Pest animal manager retires after 38-year career

Sheep Central, February 23, 2018

AGRICULTURE Victoria’s invasive animals biosecurity manager John Matthews will retire this month, ending a 38-year career in pest animal management.

John, 60, started his government career with the Department of Crown Lands and Survey in 1979 and has worked across regional Victoria in Swan Hill, Ellinbank, and Horsham – but mainly out of offices in Hamilton and Casterton.

He said his work had provided adventures and challenges – including working with many organisations and gaining their trust to work with them to protect community assets.

“Trialling and establishing compliance for pest animal management was difficult early on, but is now widely accepted and requested by the community and environment bodies,” he said.

John’s most recent role has been as biosecurity manager for the state’s main established invasive animals; rabbits, foxes, pigs and goats. He said some of his proudest achievements were being part of the team that lead Victoria to become the first jurisdiction to fully privatise and commercialise access to 1080, and lead the development and accreditation of an established invasive animal (EIA) training program for Victoria.

His final major piece of work has been on the RHD Boost project for Victoria – a 20-year national program to biologically control rabbits. The latest results on its initial impact are due soon.

“I hope I have improved systems and processes for the management of EIA in Victoria by influencing and providing solutions to the wicked problem that is the impact of established pest animals in our state.”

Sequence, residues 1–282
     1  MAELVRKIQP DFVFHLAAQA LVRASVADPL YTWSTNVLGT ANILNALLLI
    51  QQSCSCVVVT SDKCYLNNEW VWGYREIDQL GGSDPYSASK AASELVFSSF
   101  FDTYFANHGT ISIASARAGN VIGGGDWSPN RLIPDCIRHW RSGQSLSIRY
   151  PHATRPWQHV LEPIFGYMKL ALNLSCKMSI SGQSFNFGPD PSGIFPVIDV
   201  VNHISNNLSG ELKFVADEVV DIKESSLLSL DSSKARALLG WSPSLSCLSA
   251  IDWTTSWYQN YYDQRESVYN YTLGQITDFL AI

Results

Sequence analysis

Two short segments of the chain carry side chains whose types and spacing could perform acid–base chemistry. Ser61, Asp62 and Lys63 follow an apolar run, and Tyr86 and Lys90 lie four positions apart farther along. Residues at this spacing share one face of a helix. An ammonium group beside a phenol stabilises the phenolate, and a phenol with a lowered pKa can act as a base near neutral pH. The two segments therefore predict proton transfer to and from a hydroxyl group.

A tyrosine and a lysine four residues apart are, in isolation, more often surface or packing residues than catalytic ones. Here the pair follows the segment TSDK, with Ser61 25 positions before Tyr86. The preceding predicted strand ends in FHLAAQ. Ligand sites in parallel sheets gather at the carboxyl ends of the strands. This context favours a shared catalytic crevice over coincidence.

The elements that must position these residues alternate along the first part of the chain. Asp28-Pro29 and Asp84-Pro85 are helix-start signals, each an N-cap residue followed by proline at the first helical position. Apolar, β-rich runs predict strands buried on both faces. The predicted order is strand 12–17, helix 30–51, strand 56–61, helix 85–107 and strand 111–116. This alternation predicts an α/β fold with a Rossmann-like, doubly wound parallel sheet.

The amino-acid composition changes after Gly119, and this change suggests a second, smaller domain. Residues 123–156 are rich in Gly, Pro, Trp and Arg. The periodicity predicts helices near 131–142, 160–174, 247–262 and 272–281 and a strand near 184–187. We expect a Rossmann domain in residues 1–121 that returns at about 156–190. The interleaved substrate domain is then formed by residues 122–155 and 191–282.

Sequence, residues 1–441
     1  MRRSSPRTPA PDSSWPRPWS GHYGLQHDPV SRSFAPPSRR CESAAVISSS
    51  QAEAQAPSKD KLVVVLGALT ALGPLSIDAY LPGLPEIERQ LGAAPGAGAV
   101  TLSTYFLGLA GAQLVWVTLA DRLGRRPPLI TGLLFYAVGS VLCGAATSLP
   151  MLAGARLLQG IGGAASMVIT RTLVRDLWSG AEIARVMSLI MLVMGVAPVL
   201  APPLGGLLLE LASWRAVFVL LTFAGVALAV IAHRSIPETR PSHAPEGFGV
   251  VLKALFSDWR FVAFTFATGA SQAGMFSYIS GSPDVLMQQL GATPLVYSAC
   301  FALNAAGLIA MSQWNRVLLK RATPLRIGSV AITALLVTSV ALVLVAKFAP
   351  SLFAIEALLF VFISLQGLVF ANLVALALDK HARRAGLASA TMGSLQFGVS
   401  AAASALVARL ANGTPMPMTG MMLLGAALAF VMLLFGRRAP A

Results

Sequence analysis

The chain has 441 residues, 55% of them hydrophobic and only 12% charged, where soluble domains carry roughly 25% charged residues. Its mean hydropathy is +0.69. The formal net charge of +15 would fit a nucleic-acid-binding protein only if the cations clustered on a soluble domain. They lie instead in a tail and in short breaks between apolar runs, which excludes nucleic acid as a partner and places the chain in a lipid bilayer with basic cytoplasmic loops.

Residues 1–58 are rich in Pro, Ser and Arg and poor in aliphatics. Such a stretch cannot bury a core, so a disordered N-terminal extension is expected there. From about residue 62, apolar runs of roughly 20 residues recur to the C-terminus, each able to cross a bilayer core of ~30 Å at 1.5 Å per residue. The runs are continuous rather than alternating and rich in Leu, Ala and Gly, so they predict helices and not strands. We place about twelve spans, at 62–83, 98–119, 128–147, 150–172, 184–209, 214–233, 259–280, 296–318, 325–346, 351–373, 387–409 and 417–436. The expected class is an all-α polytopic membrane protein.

As much as it’s about the work, John said he has been fortunate to work with wonderful, intelligent and supportive colleagues who have given him many years of enjoyment and friendship, as well as his achievements in the established invasive animal space.

“A lot has changed since I first began; the department was a very male dominated workforce, now it is a great mix of professional, dedicated people using science to achieve results,” he said

Agriculture Victoria director plants, chemicals and invasive, Sharyn Williams, said that throughout John’s career with the department, he has been a key contributor and driver in incorporating proven ideas from research into established pest animal management programs.

“He has been the leading advocate in show casing the results of best practice pest animal management in Victoria.

“John has been a friend to many, a mentor, and a true gentleman to work with and has guided many staff with their career development and always provided support to colleagues,” she said.

“John’s technical input, commitment to mentor and teach, and professional approach are just a few examples of the legacy he leaves in the department.”

Source: Agriculture Victoria.


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